Rus­sian bal­let leg­end re­turns to Herod At­ti­cus, as guest of honor

Kathimerini English - - Focus - BY CHRISTINA SANOUDOU

In the early 1970s, the Bol­shoi Bal­let came to Athens, with a star danc­ing the ti­tle role of Spar­ta­cus at a packed Herod At­ti­cus The­ater. Mikhail Lavrovsky was at the apogee of his fame at the time and this par­tic­u­lar role, which earned him the Lenin Prize, was to be­come a ca­reer mile­stone. It was a per­for­mance he has never for­got­ten and the dancer’s dream to re­turn to the Ro­man-era the­ater is about to come true in Septem­ber, just a month shy of his 76th birth­day.

The trib­ute to Lavrovsky by the Bol­shoi that pre­miered in Moscow on May 4 is trav­el­ing out­side Rus­sia for the first time for three shows in Greece and fea­tures the com­pany’s most fa­mous young soloists, Ivan Vasiliev, as well as other stars such as Nina Kaptsova, Igor Tsvirko and Maria Vino­gradova, along with the corps de bal­let. In­deed, prac­ti­cally ev­ery im­por­tant Rus­sian dancer to­day was at one point or an­other a stu­dent of Lavrovsky’s.

At a press con­fer­ence on Tues­day ahead of the Septem­ber shows in Thes­sa­loniki and Athens, the vet­eran dancer spoke of his bond with Greece. “My par­ents taught me to love the Greek civ­i­liza­tion and to live in a Spar­tan manner. I was not al­lowed to make mis­takes, only to move for­wards,” he told re­porters in Athens.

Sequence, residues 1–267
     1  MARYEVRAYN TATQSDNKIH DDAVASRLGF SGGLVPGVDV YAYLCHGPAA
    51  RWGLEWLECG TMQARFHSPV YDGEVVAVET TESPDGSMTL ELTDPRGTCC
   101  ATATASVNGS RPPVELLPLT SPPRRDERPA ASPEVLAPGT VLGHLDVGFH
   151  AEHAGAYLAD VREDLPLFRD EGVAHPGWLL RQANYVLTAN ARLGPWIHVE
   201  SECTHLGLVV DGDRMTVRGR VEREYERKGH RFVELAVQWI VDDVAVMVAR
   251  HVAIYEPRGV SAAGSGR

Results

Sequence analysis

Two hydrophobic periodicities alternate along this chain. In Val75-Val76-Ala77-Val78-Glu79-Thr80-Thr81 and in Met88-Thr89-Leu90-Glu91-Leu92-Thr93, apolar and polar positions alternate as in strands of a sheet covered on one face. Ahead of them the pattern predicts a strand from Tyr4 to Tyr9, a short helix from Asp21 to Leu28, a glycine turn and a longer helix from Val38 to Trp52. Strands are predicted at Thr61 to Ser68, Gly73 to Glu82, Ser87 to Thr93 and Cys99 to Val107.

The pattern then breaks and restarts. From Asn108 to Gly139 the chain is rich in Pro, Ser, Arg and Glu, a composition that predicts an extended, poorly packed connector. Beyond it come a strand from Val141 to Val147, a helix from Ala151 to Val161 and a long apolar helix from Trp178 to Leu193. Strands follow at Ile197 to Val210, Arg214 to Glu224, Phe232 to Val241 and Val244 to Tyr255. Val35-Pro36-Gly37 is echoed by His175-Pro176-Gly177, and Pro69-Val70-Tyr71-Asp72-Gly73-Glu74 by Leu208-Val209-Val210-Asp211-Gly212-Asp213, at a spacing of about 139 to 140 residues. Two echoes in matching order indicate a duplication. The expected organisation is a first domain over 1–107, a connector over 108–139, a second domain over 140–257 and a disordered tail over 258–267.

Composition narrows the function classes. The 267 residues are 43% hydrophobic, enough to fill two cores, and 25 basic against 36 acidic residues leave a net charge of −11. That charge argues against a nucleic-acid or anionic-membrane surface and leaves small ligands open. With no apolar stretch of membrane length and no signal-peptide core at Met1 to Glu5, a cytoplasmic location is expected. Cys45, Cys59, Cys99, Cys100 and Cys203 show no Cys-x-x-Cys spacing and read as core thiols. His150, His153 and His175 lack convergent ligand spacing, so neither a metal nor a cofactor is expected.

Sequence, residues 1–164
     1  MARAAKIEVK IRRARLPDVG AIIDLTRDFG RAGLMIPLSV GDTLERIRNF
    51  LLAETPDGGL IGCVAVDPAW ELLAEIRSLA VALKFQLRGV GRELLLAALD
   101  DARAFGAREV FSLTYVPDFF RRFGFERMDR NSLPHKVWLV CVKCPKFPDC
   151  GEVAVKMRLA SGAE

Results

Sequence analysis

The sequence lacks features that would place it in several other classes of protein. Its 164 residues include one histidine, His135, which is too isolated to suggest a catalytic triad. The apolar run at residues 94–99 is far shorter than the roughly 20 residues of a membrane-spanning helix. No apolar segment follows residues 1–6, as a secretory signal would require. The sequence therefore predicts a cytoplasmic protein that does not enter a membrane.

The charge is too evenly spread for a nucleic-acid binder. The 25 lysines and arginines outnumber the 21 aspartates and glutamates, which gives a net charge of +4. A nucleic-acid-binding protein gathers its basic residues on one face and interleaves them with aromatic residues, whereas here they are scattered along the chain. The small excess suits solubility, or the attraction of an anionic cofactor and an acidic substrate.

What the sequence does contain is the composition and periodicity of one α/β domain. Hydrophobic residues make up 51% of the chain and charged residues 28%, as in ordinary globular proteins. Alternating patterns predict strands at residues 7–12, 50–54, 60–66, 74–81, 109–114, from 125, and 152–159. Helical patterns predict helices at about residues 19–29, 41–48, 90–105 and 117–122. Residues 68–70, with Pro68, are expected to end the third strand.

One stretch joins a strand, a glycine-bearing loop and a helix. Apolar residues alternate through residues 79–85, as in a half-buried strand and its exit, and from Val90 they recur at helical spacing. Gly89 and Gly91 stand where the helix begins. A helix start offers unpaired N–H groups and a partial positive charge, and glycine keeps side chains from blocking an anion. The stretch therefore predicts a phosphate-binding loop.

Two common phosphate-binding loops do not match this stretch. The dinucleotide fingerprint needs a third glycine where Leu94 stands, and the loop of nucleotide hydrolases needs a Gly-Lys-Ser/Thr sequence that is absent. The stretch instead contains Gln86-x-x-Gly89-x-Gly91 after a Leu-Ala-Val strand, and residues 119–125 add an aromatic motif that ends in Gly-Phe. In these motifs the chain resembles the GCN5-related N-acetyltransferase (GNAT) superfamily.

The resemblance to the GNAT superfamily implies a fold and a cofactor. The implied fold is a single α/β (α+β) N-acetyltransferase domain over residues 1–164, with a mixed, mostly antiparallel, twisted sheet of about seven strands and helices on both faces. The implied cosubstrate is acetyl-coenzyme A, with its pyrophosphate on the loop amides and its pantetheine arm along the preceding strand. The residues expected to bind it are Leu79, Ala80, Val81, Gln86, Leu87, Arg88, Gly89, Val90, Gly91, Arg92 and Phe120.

The son of cel­e­brated Bol­shoi chore- og­ra­pher Leonid Lavrovsky and dancer Elena Chik­vaidze, Mikhail was born in Tbil­isi in 1941 and at­tended the Moscow State Academy of Chore­og­ra­phy. In the years that fol­lowed he per­formed ev­ery lead­ing male role in the clas­si­cal reper­tory, earn­ing the nick­name “Su­per­man of dance.” He also served for years as artis­tic di­rec­tor of the Stanislavsky The­ater and his alma mater. He has been a dance teacher at the Bol­shoi since 1987 and has ded­i­cated a great part of his en­ergy to chore­og­ra­phy.

“The artist must al­ways main­tain his pres­ence in dance be­cause while the body may aban­don him, the spirit is al­ways present,” Lavrovsky said.

There doesn’t seem to be much wrong with his body, how­ever, and he in­tends to per­form in the show or­ga­nized in his honor by the Bol­shoi, di­rected by his son, Leonid.

The pro­gram com­prises dances from his ca­reer high­lights such as “Spar­ta­cus” and “Don Quixote,” but also Lavrovsky’s own his­toric chore­ogra­phies, among them “Casanova,” “Ni­jin­sky” and “The Rus­sian Bal­le­rina,” as well as a small pre­view of Lavrovsky’s lat­est piece, “Amok,” which pre­mieres at the Bol­shoi next year.

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